This string was designed so the problems increase in difficulty and the last 3 problems include one addend that is 1 away from a landmark or friendly number (here, numbers that are multiples of ten). One strategy that can be used to solve the last 3 problems is decomposing and regrouping so the near-multiple is a multiple of 10: subtract 1 from the second addend (3 or 13), add this 1 to the near-multiple, then calculate the sum using the new addends. With this approach 9 + 3 becomes (9 + 1) + (3 - 1) or 10 + 2, which is the first problem in the string.

## 2. Present Problems

Typically, number talk problems are introduced by the teacher without instruction about how to approach a solution to the problem. Although a teacher may design a number talk around a specific strategy, it doesn’t mean that the students must use that strategy. Number talks give students autonomy over the methods they use to solve the problem(s). Students should be encouraged to choose an efficient and accurate strategy.

Problems can be presented in many ways, incuding as expressions, with manipulatives, and using visual models such as dot cards and number lines.

Strings of problems are presented one at a time, often in order of increasing complexity. Allow sufficient time for students to use mental math to work through each problem before presenting the next problem in a string.

Often students indicate that they are prepared to share their solution and method by quietly placing their thumb against their chests.

## 3. Record Student Thinking

After presenting the problem(s) and students are ready, the teacher carefully records multiple solutions to each problem in a way that allows all students to view and compare all the solutions.

While recording, the teacher demonstrates how to represent students’ thinking with mathematical symbols, expressions, equations, and visual models (such as an open number line or an array). Mathematical representations should both support students and push their mathematical thinking. If appropriate, the teacher may probe the student for more explanation and/or restate student thinking using accurate mathematical words and phrases.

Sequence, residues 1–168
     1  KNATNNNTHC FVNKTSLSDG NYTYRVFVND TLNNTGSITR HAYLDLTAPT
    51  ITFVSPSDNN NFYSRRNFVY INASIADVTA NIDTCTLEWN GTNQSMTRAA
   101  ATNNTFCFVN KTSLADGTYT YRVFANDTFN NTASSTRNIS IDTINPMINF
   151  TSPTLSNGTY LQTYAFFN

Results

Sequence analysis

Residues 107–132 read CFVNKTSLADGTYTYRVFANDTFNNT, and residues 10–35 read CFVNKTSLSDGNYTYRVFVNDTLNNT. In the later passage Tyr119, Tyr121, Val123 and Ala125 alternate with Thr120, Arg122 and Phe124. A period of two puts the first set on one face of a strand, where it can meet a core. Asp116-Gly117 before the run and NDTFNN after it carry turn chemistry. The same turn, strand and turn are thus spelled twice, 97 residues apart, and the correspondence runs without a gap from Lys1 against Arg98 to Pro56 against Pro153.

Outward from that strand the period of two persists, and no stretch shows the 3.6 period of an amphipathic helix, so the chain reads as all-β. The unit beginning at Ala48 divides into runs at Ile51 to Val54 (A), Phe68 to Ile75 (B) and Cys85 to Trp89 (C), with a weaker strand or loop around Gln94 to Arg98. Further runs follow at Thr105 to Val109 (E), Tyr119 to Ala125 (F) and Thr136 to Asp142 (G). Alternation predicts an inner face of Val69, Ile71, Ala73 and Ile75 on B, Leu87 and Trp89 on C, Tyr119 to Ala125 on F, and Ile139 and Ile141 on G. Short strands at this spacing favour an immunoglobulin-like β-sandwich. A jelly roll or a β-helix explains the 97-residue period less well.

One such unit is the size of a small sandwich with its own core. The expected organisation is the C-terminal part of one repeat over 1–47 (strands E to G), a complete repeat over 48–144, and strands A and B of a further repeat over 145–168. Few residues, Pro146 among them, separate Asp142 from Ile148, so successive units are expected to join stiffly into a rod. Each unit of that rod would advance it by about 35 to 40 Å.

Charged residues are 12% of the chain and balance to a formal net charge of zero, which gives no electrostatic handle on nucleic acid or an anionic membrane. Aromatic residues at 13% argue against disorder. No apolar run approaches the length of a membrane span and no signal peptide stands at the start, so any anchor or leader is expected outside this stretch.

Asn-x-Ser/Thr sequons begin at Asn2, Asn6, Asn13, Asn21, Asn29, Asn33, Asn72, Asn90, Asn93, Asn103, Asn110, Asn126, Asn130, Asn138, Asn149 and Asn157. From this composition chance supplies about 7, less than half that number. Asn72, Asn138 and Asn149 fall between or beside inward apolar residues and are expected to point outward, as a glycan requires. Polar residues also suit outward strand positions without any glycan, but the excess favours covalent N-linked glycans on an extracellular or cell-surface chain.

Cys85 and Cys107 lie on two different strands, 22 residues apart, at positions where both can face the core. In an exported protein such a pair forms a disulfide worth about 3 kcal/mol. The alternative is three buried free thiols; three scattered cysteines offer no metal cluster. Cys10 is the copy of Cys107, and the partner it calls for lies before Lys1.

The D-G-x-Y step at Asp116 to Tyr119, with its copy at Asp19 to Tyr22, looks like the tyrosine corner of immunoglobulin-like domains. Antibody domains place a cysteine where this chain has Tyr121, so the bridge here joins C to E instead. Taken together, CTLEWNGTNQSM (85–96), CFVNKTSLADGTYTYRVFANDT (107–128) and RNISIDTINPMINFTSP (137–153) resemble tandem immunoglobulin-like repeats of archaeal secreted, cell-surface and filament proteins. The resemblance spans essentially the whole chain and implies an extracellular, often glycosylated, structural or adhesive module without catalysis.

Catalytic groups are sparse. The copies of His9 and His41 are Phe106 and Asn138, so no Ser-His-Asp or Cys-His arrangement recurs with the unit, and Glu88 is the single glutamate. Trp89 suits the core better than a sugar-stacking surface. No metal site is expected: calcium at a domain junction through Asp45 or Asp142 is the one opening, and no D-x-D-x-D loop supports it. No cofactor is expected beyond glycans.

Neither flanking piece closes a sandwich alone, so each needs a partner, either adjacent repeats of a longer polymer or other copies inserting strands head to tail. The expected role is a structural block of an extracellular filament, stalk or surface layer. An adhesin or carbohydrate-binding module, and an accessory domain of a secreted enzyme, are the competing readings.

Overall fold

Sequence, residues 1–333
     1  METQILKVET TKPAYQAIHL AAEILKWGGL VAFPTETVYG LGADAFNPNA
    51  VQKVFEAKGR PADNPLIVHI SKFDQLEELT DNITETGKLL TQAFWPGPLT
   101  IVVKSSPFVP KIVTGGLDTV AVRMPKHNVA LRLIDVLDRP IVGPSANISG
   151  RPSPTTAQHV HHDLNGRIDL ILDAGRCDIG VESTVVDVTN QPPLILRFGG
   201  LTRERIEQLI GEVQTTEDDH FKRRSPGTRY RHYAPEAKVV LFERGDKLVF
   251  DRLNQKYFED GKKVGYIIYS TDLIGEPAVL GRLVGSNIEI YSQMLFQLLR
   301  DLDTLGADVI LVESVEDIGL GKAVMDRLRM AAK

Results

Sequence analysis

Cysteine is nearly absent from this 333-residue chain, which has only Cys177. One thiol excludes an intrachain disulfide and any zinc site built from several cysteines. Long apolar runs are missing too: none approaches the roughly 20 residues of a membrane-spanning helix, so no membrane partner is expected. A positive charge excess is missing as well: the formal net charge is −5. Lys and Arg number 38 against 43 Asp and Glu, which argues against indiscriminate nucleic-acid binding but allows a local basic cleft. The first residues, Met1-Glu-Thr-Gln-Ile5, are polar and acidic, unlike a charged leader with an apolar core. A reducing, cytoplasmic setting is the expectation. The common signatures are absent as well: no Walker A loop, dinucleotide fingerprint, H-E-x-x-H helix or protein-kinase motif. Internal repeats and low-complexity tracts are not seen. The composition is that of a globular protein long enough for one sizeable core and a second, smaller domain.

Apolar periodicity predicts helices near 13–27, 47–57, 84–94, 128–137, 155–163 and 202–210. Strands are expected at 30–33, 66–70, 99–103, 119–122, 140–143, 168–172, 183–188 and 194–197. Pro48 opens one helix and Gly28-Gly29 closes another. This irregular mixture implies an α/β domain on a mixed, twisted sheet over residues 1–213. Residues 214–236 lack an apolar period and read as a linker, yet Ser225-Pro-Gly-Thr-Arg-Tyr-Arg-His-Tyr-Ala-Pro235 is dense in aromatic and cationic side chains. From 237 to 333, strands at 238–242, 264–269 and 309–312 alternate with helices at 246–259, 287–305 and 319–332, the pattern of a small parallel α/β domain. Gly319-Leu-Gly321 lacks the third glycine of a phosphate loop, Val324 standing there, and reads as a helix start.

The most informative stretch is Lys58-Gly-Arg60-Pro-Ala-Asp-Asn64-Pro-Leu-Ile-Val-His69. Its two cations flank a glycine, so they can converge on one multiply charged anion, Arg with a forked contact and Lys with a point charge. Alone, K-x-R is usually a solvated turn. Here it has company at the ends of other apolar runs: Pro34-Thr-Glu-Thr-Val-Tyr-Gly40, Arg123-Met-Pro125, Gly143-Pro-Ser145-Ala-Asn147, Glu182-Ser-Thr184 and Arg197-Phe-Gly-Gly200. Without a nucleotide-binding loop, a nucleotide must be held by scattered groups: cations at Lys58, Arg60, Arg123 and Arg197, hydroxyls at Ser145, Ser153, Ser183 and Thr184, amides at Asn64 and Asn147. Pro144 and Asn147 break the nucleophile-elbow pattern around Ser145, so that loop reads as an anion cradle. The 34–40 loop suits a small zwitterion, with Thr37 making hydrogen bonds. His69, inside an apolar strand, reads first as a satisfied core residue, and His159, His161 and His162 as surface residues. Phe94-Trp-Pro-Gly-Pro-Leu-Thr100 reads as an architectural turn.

Below are questions a teacher might use when asking students to share their thinking:

- Who would like to share their thinking?
- How do you know that [is accurate]?
- How did you decide to solve the problem that way?
- Where did you get [a number or part of the solution process]?

## 4. Facilitate Student Discussion

The teacher also facilitates the classroom discussion, possibly while students share individual approaches as well as after the example approaches are shared. The discussion should be a group conversation about the strategies and solutions.

Below are questions a teacher might use to facilitate number talk discussions that encourage all students to consider and critique each other’s ideas and strategies:

- Did anyone solve it a different way?
- Did anyone solve it the same way?
- How are [student 1]'s method and [student 2]'s method related?
- Can you explain [student]'s method in your own words?
- Can someone explain how to use [student]'s method for this [other] problem?
- Do you agree with what [student] said? If you don’t, please explain why you don’t agree.

By the end of the discussion, students should agree on accurate solution(s).